Light Touches Skin
A game that uses projection to move peoples’ bodies.
produced by: Claire Kwong
Inspired by partner dance, this installation aims to stage collaborative encounters between people. It seeks to destabilize the senses and push boundaries of intimacy.
Feel the projections against your skin. Stretch your body to deform them. Dance with someone until you fit a shape. Complex movements emerge through simple rules. Shared awkwardness can bring you closer together.
To play, move your bodies to touch all of the triangles.
I wanted to create an out-of-body experience, expanding peoples’ ideas of how they can feel, move, and communicate. I also wanted to make people cooperate and dance with each other, even touch each other. I tried to create the potential for intimacy while maintaining mutual consent.
I adapted several principles from game design. Embodied play utilizes the normal affordances of the body, but can also extend or subvert them. I want to enable players to move in all the ways they usually do, but augment this with new movements and capabilities like controlling projections.
With emergent play, I let complex relations arise from simple rules. In this game, the rules come from the generated targets which choreograph players’ movements. I tried to strike a balance between constrained and spontaneous movement. The triangles are not prescriptively shaped to a human body, but allow room for individual interpretation. Gameplay is also circumscribed by the limits of players’ own bodies. Much of the fun of my game comes from pushing those boundaries and making it necessary to collaborate with others.
The game also creates asymmetric play. A person is limited by the perspective and affordances of their own body. For example, one player may see an untouched triangle behind another player. Players must communicate to figure out which triangles each of them should touch. In this way, asymmetric play creates the potential for collaboration.
I aimed to create a magic circle, Johan Huizinga’s concept where a game suspends normal social rules and replaces them with its own. I relate this to Nicolas Bourriaud’s notion of relational aesthetics, where art constructs situations which elaborate alternative forms of sociability. I tried to enable players to feel, move, and communicate in alternate, expanded ways.
Visually, I drew from a variety of sources. I was inspired by pictures of outer space, which feature brightly colored imagery on a black background. I looked at illustrations with neons, gradients, and duotones to determine my color scheme. I also tried to create contrast between organic forms, like Yayoi Kusama’s polka dots, and geometric shapes, like Sol LeWitt’s wall drawings.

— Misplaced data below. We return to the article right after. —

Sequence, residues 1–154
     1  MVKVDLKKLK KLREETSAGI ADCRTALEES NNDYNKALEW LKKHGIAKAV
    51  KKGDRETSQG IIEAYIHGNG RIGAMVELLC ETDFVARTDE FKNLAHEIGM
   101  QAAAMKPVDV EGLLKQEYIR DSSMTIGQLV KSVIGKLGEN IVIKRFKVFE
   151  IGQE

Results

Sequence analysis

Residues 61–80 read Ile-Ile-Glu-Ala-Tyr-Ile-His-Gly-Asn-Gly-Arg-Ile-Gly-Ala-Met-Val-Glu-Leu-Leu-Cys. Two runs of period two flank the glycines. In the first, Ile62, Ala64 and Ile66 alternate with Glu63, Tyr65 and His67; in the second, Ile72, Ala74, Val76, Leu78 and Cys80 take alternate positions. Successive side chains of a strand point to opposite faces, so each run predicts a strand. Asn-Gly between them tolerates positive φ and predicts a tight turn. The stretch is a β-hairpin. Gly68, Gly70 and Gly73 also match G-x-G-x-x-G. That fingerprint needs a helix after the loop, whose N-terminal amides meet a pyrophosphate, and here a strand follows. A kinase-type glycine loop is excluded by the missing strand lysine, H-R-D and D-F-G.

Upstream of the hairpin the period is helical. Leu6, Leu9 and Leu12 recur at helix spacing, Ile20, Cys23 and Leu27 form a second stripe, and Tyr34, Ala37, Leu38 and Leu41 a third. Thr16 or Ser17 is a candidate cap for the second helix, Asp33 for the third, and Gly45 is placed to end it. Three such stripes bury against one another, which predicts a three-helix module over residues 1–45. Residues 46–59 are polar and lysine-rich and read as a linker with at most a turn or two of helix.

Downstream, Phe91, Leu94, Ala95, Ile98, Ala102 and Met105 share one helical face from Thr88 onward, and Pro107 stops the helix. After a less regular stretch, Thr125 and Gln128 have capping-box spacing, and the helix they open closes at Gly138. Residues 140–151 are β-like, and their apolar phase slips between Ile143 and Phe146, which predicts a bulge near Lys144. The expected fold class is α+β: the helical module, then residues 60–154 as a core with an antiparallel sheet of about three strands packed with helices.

I also wanted to make people physically feel the projections on their skin, as if they had texture. I thought of visuals that could approximate or induce visceral sensations. I created animated dots of varying sizes and colors, because those could evoke goosebumps while being abstract enough to generate.
I was influenced by several categories of artwork: games, performances, and interactive installations. Originally, I was inspired by the classic physical game Twister. I love how its simple rules can create many ways of physical contortion and closeness. I also looked at Kaho Abe’s “Ninja Shadow Warrior” and Phoenix Perry’s “Bot Party” as technological games involving collaborative movement and touch.
I also looked at performances with bodies and projection. The artist Catherine Siller uses the Kinect, projection, and dance to stage riveting performances. Further back, I looked at interactive projection installations, like Pipilotti Rist’s immersive video work and Paul Sermon’s installation “Telematic Dreaming.” Finally, as above, I was inspired by relational art which constructs alternate social situations. For example, Marina Abramovic’s performances stage tense encounters between performer and audience.
I built on previous games I created for the Approaches to Play modules. This year I developed “Chromapose” and “Interpose”, web-based mobile games which use the accelerometer to sense your position and push you to move together with other players. For “Light Touches Skin”, I aimed to create an immersive space that allows more player movement.
I designed and built a rig to project an image onto the floor. I built a wood frame to enclose the projector, then attached two metal brackets above the projector lens. I hung a laser cut mirror at an angle, and mounted the Kinect on top.